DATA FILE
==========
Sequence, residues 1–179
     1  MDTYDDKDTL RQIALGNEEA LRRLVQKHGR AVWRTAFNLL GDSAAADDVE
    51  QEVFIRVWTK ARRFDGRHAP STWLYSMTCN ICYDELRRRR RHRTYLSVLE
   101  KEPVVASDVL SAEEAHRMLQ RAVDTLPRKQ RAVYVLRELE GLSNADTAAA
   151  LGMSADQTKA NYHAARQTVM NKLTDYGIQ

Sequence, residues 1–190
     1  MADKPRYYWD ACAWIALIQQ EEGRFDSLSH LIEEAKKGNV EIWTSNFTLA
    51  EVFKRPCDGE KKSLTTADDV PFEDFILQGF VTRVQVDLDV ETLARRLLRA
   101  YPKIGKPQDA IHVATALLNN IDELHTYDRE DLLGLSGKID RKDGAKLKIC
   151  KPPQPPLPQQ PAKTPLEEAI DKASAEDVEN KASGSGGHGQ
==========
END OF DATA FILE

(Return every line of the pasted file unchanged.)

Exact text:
Sequence, residues 1–179
     1  MDTYDDKDTL RQIALGNEEA LRRLVQKHGR AVWRTAFNLL GDSAAADDVE
    51  QEVFIRVWTK ARRFDGRHAP STWLYSMTCN ICYDELRRRR RHRTYLSVLE
   101  KEPVVASDVL SAEEAHRMLQ RAVDTLPRKQ RAVYVLRELE GLSNADTAAA
   151  LGMSADQTKA NYHAARQTVM NKLTDYGIQ

Sequence, residues 1–190
     1  MADKPRYYWD ACAWIALIQQ EEGRFDSLSH LIEEAKKGNV EIWTSNFTLA
    51  EVFKRPCDGE KKSLTTADDV PFEDFILQGF VTRVQVDLDV ETLARRLLRA
   101  YPKIGKPQDA IHVATALLNN IDELHTYDRE DLLGLSGKID RKDGAKLKIC
   151  KPPQPPLPQQ PAKTPLEEAI DKASAEDVEN KASGSGGHGQ